But you’ve pointed out the upcoming schedule many times yourself. If they don’t beat either Charlotte or GS this weekend, 0-12 could be a given. If they don’t get Washington after that, hell, 0-20 is not out of the realm. Schedule after the Washington game is brutal, the team only has one point guard right now who the coach just so happens to hate, and Vince Ellis reported things aren’t so great in the locker room between the veterans and young guys.

    That’s a lot of variables that haven’t played out yet, and I honestly hope they don’t, but do you think if something as disastrous as that happened, Wallace would still feel the same way about sticking around?

    He obviously stayed here because he wanted to be here. But I think things could change for him if they go from a really bad start to a historically bad start.

  • Nov 4, 20106:33 pm
    by Oats


    Ben goes in that OKC deal if he wants to go in that OKC deal you came up with. Maybe he will want to leave if we come out 0-12 and the locker room problems keep getting worse. I think everyone would agree we should not trade him if he doesn’t want to go. The fans would be pissed, and even worse than that would be if other veteran’s found out we didn’t consider the player’s wishes after signing them to a cheap deal. I would also say, that like many fans, I hope he wants to stay put. I’m glad we have him. He makes us a little more watchable, and his work ethic is a good example for the young guys. So, the disclaimers out of the way, on to assuming the premise is valid…
    So, assuming he okays a deal, I’d be pretty open to a deal. A prospect and a first rounder like that Eric Maynor and 1st rounder sounds about right value wise. Using him as incentive to upgrade a trade with another player might work too, but is harder to quantify. Prince and Wallace for Smith still sounds too much like we are winning that deal, so naturally I’d take it if they would. We’d probably have to throw in a top 10 protected first round draft pick to go with it in order for them to consider it, and I’d probably do that. Or maybe it should be the right to trade draft positions over the next 5 years, top 10 protected. Those types of trades are hard to quantify what I’d take for Wallace and what I wouldn’t, since there are so many pieces involved.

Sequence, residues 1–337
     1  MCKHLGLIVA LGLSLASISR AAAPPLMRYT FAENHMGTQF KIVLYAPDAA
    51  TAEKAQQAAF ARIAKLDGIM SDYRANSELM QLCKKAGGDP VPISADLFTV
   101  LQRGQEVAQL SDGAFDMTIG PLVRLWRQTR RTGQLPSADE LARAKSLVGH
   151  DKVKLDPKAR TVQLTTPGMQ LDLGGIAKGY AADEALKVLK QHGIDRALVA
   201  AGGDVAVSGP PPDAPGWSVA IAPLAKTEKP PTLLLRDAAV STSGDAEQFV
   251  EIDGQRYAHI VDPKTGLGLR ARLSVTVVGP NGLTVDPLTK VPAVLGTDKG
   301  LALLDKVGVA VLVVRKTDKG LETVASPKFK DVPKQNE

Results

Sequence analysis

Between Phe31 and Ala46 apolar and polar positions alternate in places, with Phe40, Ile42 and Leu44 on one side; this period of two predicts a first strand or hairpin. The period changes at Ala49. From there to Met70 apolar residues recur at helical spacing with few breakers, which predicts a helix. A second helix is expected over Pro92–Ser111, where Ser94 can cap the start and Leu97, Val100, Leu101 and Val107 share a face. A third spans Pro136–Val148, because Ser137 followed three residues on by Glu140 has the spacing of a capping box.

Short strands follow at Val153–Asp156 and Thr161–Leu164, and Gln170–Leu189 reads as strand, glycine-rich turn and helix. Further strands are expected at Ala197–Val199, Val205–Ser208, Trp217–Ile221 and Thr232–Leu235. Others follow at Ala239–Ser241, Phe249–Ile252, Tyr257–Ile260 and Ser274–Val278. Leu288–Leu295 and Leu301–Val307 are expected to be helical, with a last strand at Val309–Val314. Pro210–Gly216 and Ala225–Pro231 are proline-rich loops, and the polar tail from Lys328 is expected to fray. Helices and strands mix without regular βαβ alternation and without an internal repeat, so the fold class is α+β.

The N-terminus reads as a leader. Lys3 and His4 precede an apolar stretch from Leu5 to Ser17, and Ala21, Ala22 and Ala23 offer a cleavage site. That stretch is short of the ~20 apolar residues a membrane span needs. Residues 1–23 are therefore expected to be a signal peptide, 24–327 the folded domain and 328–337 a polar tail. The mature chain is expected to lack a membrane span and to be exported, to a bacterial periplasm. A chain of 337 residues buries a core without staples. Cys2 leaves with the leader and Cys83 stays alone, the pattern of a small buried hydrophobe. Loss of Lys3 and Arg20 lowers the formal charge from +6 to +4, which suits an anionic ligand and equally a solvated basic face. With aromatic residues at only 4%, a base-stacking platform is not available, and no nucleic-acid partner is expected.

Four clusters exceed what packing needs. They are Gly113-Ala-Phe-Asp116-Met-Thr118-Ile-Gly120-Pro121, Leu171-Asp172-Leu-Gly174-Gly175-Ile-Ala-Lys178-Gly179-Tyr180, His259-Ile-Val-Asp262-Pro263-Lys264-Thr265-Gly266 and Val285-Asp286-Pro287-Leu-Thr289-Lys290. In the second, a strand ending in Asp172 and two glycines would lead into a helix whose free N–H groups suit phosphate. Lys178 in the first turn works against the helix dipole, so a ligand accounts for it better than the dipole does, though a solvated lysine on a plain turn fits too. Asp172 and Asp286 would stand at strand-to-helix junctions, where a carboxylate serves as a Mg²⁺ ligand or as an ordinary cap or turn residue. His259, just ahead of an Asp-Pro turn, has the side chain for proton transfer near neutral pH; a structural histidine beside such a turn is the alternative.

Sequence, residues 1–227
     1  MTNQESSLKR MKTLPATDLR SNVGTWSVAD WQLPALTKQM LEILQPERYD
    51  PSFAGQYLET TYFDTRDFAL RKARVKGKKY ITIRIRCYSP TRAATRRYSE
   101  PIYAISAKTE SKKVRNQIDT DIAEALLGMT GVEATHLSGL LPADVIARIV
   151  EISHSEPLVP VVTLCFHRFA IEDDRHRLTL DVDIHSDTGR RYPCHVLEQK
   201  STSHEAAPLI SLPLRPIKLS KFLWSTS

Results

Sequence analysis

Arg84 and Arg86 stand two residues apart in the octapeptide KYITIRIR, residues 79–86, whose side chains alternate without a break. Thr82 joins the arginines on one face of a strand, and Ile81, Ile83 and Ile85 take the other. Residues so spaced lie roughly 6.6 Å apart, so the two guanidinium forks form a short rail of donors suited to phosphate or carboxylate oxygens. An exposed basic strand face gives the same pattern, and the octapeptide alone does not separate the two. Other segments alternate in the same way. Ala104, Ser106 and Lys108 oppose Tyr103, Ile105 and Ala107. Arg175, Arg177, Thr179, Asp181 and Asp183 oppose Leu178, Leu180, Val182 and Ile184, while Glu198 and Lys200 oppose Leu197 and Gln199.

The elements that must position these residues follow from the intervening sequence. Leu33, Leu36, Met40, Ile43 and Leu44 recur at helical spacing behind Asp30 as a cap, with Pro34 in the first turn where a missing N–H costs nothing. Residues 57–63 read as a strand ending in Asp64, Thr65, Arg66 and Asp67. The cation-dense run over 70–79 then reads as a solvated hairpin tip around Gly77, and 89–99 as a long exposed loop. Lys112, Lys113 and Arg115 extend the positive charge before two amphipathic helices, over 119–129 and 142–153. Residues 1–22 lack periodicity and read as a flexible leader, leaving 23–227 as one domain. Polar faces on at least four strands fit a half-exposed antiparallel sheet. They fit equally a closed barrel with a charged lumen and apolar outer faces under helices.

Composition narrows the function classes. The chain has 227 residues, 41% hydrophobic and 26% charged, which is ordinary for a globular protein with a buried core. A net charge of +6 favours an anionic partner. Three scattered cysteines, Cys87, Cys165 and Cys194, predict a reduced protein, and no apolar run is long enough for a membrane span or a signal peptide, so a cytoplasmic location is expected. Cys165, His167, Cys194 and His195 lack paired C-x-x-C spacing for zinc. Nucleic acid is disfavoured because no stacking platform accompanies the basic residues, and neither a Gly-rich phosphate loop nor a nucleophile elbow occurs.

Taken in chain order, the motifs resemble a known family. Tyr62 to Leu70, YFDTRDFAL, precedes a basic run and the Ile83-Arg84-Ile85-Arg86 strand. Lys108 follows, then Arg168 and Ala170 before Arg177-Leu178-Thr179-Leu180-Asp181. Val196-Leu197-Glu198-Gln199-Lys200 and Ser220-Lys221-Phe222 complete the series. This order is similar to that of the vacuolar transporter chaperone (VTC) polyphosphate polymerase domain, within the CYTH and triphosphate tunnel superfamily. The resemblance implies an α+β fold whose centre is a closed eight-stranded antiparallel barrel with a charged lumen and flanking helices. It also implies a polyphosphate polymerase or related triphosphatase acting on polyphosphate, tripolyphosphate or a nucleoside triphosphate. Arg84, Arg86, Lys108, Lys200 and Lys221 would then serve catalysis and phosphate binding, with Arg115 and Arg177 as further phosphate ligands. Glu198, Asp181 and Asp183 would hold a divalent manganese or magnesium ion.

That is if Wallace comes to me and says, “I’d okay a trade to a contender.” If he comes to me and says, “I want out of this place. Get me on a good team,” that would get a different package. A prospect or a first round draft pick would do, even if it is bottom of the first round. Heck, I’d bite on a trade for a second rounder from this past draft that looks pretty good, like Derick Carracter of the Lakers. Again, this is if Wallace came to me and said he wanted out.

  • Nov 4, 20107:59 pm
    by gmehl1977


    Geez if Wallace okay-ed it and delivered us Eric Maynor and 1st rounder, then that would really be one last parting gift from the big man. To me it would make up for him leaving for Chicago…even if it wasn’t all his fault. If that was to play out then you would package Tayshaun with that 1st rounder for Josh Smith. The next step would be to package Rip and Wilcox’s expiring contract for someone or a sack of potatoes.
    I am actually very worried about next season when and if Wallace retires. He is the only one left from 2004 that still has any passion for the game.

  • Nov 4, 20109:40 pm
    by Patrick Hayes


    I wouldn’t say that. Prince still plays hard, as evidenced by last night in Atlanta. He showed a lot of pride bouncing back from a bad performance. Prince just seems unbelievably frustrated to me.
    Hamilton, it’s hard to say. He just hasn’t been healthy for three years. I don’t know if that’s a lack of passion to get back out there or if his style of play has just been extra tough on his body. His slim and the constant movement and running off picks can’t be great for the joints.
    I could see both of them being re-invigorated on contending teams. Maybe they’ve lost their passion for Detroit basketball though.

  • Nov 5, 20103:29 am
    by Tom Y.


    I don’t think Ben would come to a point where he “can’t take the losing” anymore. He said he hates it but that doesn’t mean he’d run away from it, that’s not how I understand the guy. He came back knowing where this team was at.
    I’m not that opposed to trading him (for good value and only with his consent), but like Laser said, we have to consider that he gives this team much more than his on-court production right now. He menorship could really have a positive influence on young players’ growth.